Hygger.io: A Unique and Capable Project & Task Manager with Built-in Prioritization

This is a sponsored article and was made possible by Hygger. The actual contents and opinions are the sole views of the author who maintains editorial independence, even when a post is sponsored.

Hygger is a next-generation project management suite powered by an always-on web service that you can access through any browser or the iOS and Android apps. It includes all the tools you need to sort and manage projects. You’ll find automated task prioritization and management, work tracking, chat, group assignments and much more. Invite your whole team to use the software, and you can closely monitor the progress of your projects and your team members’ day-to-day work. For today’s fast-moving, complicated projects, this sort of software is required to run a successful project. Hygger.io fills that role excellently.

A Typical Hygger Workflow


Hygger’s task management is based on major existing todo systems. It incorporates parts of the Getting Things Done methodology and the Eisenhower Decision Matrix. When you run a project with Hygger, you’ll probably follow this workflow:

  • Write all your tasks down: Just like you would do with the Getting Things Done work method, take all the planning that’s stored in your brain or on post-its stuck to the bottom of your monitor and dump it right into Hygger. Dump absolutely everything into Hygger. As you add tasks, be sure to score them for later prioritization.
  • Measure task parameters: Hygger will use your prioritization numbers to automatically sort your tasks. The app sorts your work into a queue that quickly tells you what tasks are most important based on your scores.
  • Do (and track) the work: Now for the fun part! We have a neatly sorted, highly-organized list of upcoming tasks. Use Kanban Boards and Sprints to track your work as you go.

Hygger answers the question “What first?” so you don’t have to. The program provides an automatically sorted tasks list based on your priority numbers. You can work your way down the list without worrying about how important your current work is. Simply follow Hygger’s task list, and you’ll be automatically complete the most important work first. As you go, track your work and time in the application. With Hygger, everything lives under one friendly umbrella.

Prioritization Methods


There’s more than one way to sort your tasks in Hygger. There are a few different score-weighting methods. Your chosen method will determine what prioritization information you need to include when adding the task to your todo list.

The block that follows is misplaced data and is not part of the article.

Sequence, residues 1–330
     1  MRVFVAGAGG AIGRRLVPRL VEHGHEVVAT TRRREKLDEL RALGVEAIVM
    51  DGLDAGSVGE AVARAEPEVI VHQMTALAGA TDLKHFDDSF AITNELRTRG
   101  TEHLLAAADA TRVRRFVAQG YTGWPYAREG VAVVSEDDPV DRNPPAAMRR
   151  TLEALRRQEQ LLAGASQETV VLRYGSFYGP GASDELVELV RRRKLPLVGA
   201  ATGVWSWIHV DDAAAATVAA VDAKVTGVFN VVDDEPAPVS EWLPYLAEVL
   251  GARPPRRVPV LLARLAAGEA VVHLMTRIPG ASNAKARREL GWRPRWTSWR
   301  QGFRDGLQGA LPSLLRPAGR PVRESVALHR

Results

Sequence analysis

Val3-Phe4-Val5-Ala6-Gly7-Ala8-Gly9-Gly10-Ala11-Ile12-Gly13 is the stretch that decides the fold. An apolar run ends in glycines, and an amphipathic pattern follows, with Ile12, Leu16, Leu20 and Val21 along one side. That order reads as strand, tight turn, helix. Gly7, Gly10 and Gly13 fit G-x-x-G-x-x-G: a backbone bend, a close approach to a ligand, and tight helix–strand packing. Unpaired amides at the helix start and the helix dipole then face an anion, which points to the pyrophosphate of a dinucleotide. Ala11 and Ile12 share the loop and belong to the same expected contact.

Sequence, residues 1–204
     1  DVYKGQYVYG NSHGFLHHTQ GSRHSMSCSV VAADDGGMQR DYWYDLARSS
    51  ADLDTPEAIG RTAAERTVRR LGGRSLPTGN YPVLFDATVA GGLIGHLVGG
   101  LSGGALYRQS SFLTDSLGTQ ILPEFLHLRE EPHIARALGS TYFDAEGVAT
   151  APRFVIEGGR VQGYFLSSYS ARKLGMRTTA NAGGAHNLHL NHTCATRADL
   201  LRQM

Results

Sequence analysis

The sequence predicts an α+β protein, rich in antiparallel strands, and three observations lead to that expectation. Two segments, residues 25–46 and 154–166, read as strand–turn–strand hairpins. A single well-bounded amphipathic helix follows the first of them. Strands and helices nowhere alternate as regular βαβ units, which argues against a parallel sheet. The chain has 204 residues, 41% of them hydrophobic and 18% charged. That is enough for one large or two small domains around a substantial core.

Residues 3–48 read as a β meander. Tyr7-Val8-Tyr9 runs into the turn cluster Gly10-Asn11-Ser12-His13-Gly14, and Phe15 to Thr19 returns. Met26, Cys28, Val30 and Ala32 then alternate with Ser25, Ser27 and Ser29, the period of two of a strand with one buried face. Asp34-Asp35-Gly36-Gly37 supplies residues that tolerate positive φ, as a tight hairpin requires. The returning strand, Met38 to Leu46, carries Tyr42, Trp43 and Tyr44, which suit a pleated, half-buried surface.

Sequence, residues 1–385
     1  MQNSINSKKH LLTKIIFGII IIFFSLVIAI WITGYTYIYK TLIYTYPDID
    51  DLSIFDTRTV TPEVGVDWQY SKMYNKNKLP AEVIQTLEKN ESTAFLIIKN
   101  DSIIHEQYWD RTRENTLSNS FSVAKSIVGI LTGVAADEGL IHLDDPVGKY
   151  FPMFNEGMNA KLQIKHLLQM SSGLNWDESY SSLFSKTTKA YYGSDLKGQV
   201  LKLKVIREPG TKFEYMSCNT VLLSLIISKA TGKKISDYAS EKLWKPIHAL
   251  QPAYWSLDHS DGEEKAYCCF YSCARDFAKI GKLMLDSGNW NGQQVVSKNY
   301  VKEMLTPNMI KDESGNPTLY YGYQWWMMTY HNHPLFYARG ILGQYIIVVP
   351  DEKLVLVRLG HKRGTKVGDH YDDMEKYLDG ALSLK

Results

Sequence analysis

Hygger recognizes that determining which task is most important can be difficult: people will often prioritize the tasks they find interesting, basically doing what they want to do instead of what they need to do. With Hygger’s task prioritization methods, tasks are managed for you. You score the attributes of the task, and then Hygger applies a formula to rank the tasks by importance and urgency.

Value vs. Effort

This is the simplest method of prioritization. Tasks get a Value score (how valuable the result is) and an Effort score (how hard it is to complete the task). The formula subtracts Effort from Value. The tasks with the highest score go to the top. This way the best combination of value and effort kick off your day. You’ll start with high-value, low-effort tasks, and gradually move on to less valuable tasks as you go down the list. It’s similar to how President Eisenhower managed his workload with his decision matrix.

The Eisenhower matrix or method is a valuable tool for distinguishing between importance and urgency. Those two task attributes often seem like the same thing, but it’s crucial to realize they are not. A task can be important, but not urgent, or vice versa. Using the Eisenhower matrix, tasks are sorted into four quadrants based on their importance and urgency.


An example of a task that is both important and urgent might be something like answering a time-sensitive email from your boss about an ongoing project. Those tasks should be at the top of your task list. Tasks that are important but not urgent are things like long-term plans and goals that you will want to schedule out as time permits.